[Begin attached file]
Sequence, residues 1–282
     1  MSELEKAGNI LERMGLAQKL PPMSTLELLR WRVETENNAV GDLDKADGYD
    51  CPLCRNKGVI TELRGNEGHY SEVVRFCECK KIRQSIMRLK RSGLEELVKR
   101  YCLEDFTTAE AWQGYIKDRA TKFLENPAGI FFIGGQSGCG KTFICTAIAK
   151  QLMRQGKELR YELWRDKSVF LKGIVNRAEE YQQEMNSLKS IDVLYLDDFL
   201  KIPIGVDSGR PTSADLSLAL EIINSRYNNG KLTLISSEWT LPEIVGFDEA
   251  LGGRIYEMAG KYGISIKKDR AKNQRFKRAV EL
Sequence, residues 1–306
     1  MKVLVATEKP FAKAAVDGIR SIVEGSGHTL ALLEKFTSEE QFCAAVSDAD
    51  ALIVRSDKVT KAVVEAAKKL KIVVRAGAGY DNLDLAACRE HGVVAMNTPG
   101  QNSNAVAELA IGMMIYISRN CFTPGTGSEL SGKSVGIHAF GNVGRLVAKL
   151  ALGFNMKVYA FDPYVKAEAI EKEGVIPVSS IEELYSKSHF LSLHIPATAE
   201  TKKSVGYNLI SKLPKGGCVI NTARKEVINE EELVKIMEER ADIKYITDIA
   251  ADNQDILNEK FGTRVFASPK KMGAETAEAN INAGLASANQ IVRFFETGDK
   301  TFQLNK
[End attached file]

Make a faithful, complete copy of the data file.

Sequence, residues 1–282
     1  MSELEKAGNI LERMGLAQKL PPMSTLELLR WRVETENNAV GDLDKADGYD
    51  CPLCRNKGVI TELRGNEGHY SEVVRFCECK KIRQSIMRLK RSGLEELVKR
   101  YCLEDFTTAE AWQGYIKDRA TKFLENPAGI FFIGGQSGCG KTFICTAIAK
   151  QLMRQGKELR YELWRDKSVF LKGIVNRAEE YQQEMNSLKS IDVLYLDDFL
   201  KIPIGVDSGR PTSADLSLAL EIINSRYNNG KLTLISSEWT LPEIVGFDEA
   251  LGGRIYEMAG KYGISIKKDR AKNQRFKRAV EL
Sequence, residues 1–306
     1  MKVLVATEKP FAKAAVDGIR SIVEGSGHTL ALLEKFTSEE QFCAAVSDAD
    51  ALIVRSDKVT KAVVEAAKKL KIVVRAGAGY DNLDLAACRE HGVVAMNTPG
   101  QNSNAVAELA IGMMIYISRN CFTPGTGSEL SGKSVGIHAF GNVGRLVAKL
   151  ALGFNMKVYA FDPYVKAEAI EKEGVIPVSS IEELYSKSHF LSLHIPATAE
   201  TKKSVGYNLI SKLPKGGCVI NTARKEVINE EELVKIMEER ADIKYITDIA
   251  ADNQDILNEK FGTRVFASPK KMGAETAEAN INAGLASANQ IVRFFETGDK
   301  TFQLNK